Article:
Filing system – any structured set of personal data which are accessible according to specific criteria, whether centralised, decentralised or dispersed on a functional or geographical basis.
2.1 The Board of Directors and management of PANDOMUS PROPERTY DEVELOPERS LTD, located at 51 Spyrou Kyprianou Ave, Mesa Geitonia 4001, Cyprus are committed to compliance with all relevant EU and Member State (Cyprus) laws in respect of personal data, and the protection of the “rights and freedoms” of individuals whose information the Company collects and processes in accordance with the General Data Protection Regulation (GDPR).
2.2 Compliance with the GDPR is described by this policy and other relevant policies such as the Information Security Policy in 5.2, along with connected processes and procedures.
2.3 The GDPR and this policy apply to all of the Company’s personal data processing functions, including those performed on customers’, clients’ and employees’ and external’ personal data, and any other personal data the organisation processes from any source.
2.4 The GDPR responsible person/Data Protection Officer is responsible for reviewing the register of processing quarterly in the light of any changes to the Company’s activities (as determined by changes to the data inventory register and the management review) and to any additional requirements identified by means of data protection impact assessments. This register needs to be available on the supervisory authority’s request.
2.5 This policy applies to all Employees of the Company. Any breach of the GDPR will be dealt with under the Company’s disciplinary policy and may also be a criminal offence, in which case the matter will be reported as soon as possible to the appropriate authorities.
2.6 Partners and any third parties working with or for the Company, and who have or may have access to personal data, will be expected to have read, understood and to comply with this policy. No third party may access personal data held by the Company without having first entered into a data confidentiality agreement, which imposes on the third-party obligations no less onerous than those to the Company is committed, and which gives the Company the right to audit compliance with the agreement.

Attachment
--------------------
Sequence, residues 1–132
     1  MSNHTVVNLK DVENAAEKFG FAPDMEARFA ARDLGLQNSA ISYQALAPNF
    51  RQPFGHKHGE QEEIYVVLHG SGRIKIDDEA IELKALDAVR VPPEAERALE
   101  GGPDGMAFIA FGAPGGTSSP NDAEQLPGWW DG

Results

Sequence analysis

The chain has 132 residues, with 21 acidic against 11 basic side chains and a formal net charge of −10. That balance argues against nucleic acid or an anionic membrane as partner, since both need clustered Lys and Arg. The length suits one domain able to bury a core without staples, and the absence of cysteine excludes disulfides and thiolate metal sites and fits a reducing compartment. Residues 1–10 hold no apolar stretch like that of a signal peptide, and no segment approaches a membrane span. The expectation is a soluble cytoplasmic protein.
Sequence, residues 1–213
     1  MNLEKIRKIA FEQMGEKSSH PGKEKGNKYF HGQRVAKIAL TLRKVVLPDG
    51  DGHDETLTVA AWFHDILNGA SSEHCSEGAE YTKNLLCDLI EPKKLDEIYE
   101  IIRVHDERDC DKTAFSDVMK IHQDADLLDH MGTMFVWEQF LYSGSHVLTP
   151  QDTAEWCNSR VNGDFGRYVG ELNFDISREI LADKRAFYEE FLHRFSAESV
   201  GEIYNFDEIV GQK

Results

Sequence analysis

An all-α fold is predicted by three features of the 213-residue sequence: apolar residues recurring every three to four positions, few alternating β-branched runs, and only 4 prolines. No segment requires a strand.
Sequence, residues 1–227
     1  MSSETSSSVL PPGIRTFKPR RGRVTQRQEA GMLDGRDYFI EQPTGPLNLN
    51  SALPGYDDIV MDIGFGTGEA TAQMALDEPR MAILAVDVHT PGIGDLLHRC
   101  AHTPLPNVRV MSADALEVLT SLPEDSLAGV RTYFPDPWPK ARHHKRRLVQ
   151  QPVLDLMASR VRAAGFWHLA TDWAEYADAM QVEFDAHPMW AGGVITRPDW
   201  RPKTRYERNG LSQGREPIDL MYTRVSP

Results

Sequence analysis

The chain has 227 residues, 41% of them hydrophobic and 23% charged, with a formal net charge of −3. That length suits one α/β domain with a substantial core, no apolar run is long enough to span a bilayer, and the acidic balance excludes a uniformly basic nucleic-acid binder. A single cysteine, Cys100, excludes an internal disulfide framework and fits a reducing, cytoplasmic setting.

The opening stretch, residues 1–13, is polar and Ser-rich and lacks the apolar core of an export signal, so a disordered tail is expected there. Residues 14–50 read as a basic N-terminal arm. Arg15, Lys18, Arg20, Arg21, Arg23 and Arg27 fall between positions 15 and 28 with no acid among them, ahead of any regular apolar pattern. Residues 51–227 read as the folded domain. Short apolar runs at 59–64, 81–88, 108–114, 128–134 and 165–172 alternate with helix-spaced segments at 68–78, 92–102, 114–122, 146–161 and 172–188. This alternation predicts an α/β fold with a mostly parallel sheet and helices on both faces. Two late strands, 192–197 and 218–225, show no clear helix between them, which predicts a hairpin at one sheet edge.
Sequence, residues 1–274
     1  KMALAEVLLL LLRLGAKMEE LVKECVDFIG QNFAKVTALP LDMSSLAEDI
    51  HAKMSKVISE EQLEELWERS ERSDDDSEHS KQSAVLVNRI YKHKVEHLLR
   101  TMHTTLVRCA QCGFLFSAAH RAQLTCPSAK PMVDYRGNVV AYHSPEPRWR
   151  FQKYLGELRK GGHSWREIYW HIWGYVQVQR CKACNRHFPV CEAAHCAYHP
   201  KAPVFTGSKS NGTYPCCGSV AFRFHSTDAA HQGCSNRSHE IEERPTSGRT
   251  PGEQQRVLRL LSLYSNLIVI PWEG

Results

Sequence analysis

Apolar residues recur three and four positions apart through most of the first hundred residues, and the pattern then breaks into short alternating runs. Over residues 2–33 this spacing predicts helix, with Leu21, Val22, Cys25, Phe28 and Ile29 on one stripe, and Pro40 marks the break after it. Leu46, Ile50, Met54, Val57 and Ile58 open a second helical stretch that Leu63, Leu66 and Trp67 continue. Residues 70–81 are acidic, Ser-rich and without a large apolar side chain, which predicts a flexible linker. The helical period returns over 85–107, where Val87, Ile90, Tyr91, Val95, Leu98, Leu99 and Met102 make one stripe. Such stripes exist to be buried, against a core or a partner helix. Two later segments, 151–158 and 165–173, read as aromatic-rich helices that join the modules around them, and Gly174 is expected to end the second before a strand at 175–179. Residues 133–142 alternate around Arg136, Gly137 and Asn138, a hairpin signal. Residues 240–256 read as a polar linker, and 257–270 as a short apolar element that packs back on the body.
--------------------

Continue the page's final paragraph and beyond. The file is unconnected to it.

3.1 The Company is a data controller and a data processor under the GDPR.
3.2 The Management and all those in managerial or supervisory roles throughout the Company are responsible for developing and encouraging good information handling practices within the Company; responsibilities are set out in individual job descriptions.
3.3 The GDPR responsible person/Data Protection Officer (Job Description in 4.3), a role specified in the GDPR, should be a member of the senior management team, is accountable to Board of Directors of the Company and for ensuring that compliance with data protection legislation and good practice can be demonstrated. This accountability includes:
3.3.1 development and implementation of the GDPR as required by this policy; and
3.3.2 security and risk management in relation to compliance with the policy.
3.4 The GDPR responsible person/Data Protection Officer, who Board of Directors considers to be suitably qualified and experienced, has been appointed to take responsibility for the Company’s compliance with this policy on a day-to-day basis and, in particular, has direct responsibility for ensuring that the Company complies with the GDPR, as do Managers/ Head of Departments in respect of data processing that takes place within their area of responsibility.
3.5 The GDPR responsible person/Data Protection Officer have specific responsibilities in respect of procedures such as the Subject Access Request Procedure and is the first point of call for Employees seeking clarification on any aspect of data protection compliance.
3.6 Compliance with data protection legislation is the responsibility of all Employees of the Company who process personal data.
3.7 The Company’s Training Policy sets out specific training and awareness requirements in relation to specific roles and Employees of the Company generally.
3.8 Employees of the Company are responsible for ensuring that any personal data about them and supplied by them to the Company is accurate and up-to-date.
All processing of personal data must be conducted in accordance with the data protection principles as set out in Article 5 of the GDPR. The Company’s policies and procedures are designed to ensure compliance with the principles.
4.1 Personal data must be processed lawfully, fairly and transparently
Lawful – identify a lawful basis before you can process personal data. These are often referred to as the “conditions for processing”, for example consent.
Fairly – in order for processing to be fair, the data controller has to make certain information available to the data subjects as practicable. This applies whether the personal data was obtained directly from the data subjects or from other sources.
The GDPR has increased requirements about what information should be available to data subjects, which is covered in the ‘Transparency’ requirement.